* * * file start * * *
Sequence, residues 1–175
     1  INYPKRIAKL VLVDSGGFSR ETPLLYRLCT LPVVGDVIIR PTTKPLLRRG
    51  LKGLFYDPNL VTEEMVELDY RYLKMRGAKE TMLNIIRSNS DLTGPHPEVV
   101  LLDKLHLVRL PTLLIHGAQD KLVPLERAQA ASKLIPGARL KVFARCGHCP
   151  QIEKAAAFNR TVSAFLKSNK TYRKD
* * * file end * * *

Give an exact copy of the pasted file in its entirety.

Sequence, residues 1–175
     1  INYPKRIAKL VLVDSGGFSR ETPLLYRLCT LPVVGDVIIR PTTKPLLRRG
    51  LKGLFYDPNL VTEEMVELDY RYLKMRGAKE TMLNIIRSNS DLTGPHPEVV
   101  LLDKLHLVRL PTLLIHGAQD KLVPLERAQA ASKLIPGARL KVFARCGHCP
   151  QIEKAAAFNR TVSAFLKSNK TYRKD